“I don’t forgive you.” She had to get them to shut up as soon as possible, before her dad came over to find out what was going on. “Go away.”

“Wait,” the other boy said. “It’s about your mom.”

Rachael snorted. “I know, I know, you want her password so you can break into her computer and steal all her secrets. But it’s too late. The password is changed; nobody can get in.”

The second boy shrugged. “I’m just supposed to tell you she’s safe in a castle in Hungary.”

The first boy elbowed the second boy. “You weren’t supposed to say what country.”

“Sor-reeeee,” the second one muttered. “I told you to do the talking.”

Both boys turned around and started walking away from Rachael’s house.

“Wait!” she whispered as loud as she dared.

The first boy stopped, looked up at her, and said, “Sorry, Baby Bee. That’s all we can say.” Then both boys ran down the street.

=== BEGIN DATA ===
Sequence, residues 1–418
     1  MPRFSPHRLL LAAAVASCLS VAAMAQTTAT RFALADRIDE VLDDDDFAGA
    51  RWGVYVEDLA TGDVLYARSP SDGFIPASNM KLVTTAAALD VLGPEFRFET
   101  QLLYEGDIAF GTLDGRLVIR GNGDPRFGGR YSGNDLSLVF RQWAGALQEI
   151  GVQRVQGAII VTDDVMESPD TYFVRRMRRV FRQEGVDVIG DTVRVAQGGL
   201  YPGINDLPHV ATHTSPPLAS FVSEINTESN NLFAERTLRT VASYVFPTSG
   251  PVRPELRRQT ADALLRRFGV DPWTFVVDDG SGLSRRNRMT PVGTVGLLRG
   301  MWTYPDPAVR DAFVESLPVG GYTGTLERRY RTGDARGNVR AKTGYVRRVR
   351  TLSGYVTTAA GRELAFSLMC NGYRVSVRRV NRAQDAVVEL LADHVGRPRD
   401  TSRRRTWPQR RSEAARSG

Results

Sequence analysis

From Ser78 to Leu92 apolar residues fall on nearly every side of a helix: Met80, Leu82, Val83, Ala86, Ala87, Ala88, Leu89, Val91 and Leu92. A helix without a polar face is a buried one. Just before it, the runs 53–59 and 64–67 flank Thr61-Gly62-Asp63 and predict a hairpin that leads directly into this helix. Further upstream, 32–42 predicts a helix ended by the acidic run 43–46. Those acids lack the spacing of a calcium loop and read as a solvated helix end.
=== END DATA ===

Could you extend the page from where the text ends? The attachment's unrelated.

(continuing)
She closed the window. Baby Bee was the nickname the members of the Animal Lovers’ Club had called her…it was weird that the Shadow Dog boys knew it, too.

This one I wrote while Ray was in third grade.  It was a crappy year for her.  She liked her teacher a lot (the teacher was different than the one in the book, of course), but the class was riddled with bullies.  There was a kid who took a plastic knife to another kids’ throat.  There were two other kids who ran away several times.  And then there were the girls and the namecalling.  What is it about that age?  I dug in deep to pull out memories of what it was like to be bullied as a kid (not fun), and tried to find a way to tell Ray that it was okay, that it was the people doing the bullying who were at fault, not the people who were getting bullied.

No matter how many times people tell you, “You have to stand up for yourself,” it’s still not your fault that bullies are bullies, you know?